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Democrats Grill Drugmakers Over Tax Savings

Posted 17 October 2018 | By Michael Mezher 

Democrats Grill Drugmakers Over Tax Savings

In letters to the CEOs of five top US drugmakers, 16 House Democrats question the companies’ actions on pricing, investment in research and development, employment, stock buybacks and executive compensation in light of tax savings as a result of the 2017 Tax Cuts and Jobs Act (TCJA).
The letters, sent to AbbVie, Amgen, Eli Lilly, Merck and Pfizer on Monday, come as healthcare systems in the US grapple with rising drug costs. Despite President Donald Trump’s prediction that drugmakers would voluntarily announce massive price cuts last May, drug prices continue to rise, albeit at a slower pace than in previous years.
Each of the companies addressed in the letters is expected to save billions in taxes in 2018 due to the lower corporate tax rate and a one-time tax cut on existing offshore profits. Pfizer stands to benefit the most from the tax cuts, with an estimated $1 billion in 2018 tax savings and $25.5 billion cut on its offshore profits.
While Republicans argued that the tax cuts would allow companies to invest more and boost wages, many large corporations have spent billions on stock buybacks and executive bonuses.
“It is unconscionable that these massive corporations are using their billion-dollar tax savings to benefit wealthy stockholders instead of to make their drugs more affordable,” Rep. Jan Schakowsky said in a statement.
Over the last year, four of the companies, AbbVie, Amgen, Merck and Pfizer, have also announced they would each buy back $10 billion in shares of their companies.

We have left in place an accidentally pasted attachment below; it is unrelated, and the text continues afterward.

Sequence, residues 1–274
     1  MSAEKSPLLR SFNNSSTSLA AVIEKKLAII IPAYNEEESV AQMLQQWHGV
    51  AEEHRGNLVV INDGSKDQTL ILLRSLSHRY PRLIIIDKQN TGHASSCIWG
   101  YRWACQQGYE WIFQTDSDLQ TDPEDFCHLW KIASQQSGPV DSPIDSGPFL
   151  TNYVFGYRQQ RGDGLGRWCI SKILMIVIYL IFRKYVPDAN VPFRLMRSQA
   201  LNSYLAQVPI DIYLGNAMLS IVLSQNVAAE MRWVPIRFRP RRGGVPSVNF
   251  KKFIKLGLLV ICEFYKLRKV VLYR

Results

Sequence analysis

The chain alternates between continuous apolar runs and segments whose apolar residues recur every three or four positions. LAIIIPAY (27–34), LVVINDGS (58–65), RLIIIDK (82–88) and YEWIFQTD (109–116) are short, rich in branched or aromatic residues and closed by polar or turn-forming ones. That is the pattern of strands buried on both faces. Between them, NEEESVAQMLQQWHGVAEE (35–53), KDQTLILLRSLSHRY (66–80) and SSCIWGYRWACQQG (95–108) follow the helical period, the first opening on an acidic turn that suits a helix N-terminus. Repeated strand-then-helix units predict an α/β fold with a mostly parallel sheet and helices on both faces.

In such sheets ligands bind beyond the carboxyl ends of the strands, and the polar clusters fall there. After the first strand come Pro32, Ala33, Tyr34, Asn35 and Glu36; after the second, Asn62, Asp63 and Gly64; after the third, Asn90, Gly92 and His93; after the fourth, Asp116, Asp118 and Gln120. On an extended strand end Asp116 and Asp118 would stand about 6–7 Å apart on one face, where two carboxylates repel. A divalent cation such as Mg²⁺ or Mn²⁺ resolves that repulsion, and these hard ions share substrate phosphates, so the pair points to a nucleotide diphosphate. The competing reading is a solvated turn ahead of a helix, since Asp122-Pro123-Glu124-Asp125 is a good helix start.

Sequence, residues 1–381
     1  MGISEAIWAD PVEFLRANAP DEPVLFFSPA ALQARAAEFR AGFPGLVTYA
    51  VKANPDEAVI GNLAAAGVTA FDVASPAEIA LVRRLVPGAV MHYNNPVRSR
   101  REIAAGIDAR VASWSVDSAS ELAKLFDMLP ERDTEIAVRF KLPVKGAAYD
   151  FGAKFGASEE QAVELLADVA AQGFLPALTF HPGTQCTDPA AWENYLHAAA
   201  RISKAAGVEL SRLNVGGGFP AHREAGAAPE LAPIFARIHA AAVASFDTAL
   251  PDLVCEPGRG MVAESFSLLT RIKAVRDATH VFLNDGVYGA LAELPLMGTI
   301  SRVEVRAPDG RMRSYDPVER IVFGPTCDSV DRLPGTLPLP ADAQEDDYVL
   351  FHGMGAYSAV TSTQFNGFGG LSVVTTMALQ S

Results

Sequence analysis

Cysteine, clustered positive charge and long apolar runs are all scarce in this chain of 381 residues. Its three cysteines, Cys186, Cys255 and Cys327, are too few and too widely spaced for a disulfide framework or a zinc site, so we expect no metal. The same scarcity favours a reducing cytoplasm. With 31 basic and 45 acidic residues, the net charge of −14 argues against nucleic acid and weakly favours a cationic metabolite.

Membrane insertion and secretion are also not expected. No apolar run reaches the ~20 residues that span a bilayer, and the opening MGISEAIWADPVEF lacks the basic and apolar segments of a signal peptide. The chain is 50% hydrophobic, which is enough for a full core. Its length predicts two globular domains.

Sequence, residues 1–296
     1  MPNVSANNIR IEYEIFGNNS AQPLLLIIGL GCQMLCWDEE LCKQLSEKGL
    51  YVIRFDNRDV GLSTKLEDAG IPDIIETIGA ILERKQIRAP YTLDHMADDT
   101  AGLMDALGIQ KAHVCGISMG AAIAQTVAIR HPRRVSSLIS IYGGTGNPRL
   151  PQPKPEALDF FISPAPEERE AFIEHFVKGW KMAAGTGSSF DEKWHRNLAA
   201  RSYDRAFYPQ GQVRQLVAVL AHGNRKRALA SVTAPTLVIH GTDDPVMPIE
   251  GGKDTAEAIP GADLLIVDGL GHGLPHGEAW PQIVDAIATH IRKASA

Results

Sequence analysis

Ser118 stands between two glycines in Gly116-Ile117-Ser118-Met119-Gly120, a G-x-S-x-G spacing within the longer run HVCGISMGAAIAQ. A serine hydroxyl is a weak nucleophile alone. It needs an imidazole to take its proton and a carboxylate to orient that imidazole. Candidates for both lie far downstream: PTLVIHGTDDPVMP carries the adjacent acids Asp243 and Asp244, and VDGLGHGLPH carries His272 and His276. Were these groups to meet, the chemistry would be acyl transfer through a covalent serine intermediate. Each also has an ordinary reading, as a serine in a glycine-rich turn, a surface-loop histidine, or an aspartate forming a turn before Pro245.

In each of the letters, the representatives asked the CEOs about whether their companies have dropped or increased prices since 28 November 2017. In the case of Merck, which announced price cuts to some of its products in July, the representatives asked how much the price cuts represented out of the company’s entire product portfolio.
The representatives also asked the companies how much they have spent on a range of activities over the last year, including clinical trials, preclinical development, acquisitions and marketing, as well as whether the companies have discontinued development of any drugs during that time.
Additionally, the lawmakers questioned Amgen over layoffs the company announced in 2017, asking the company whether it went through with the layoffs and how the TCJA factored into its decision-making.
Rep. Schakowsky

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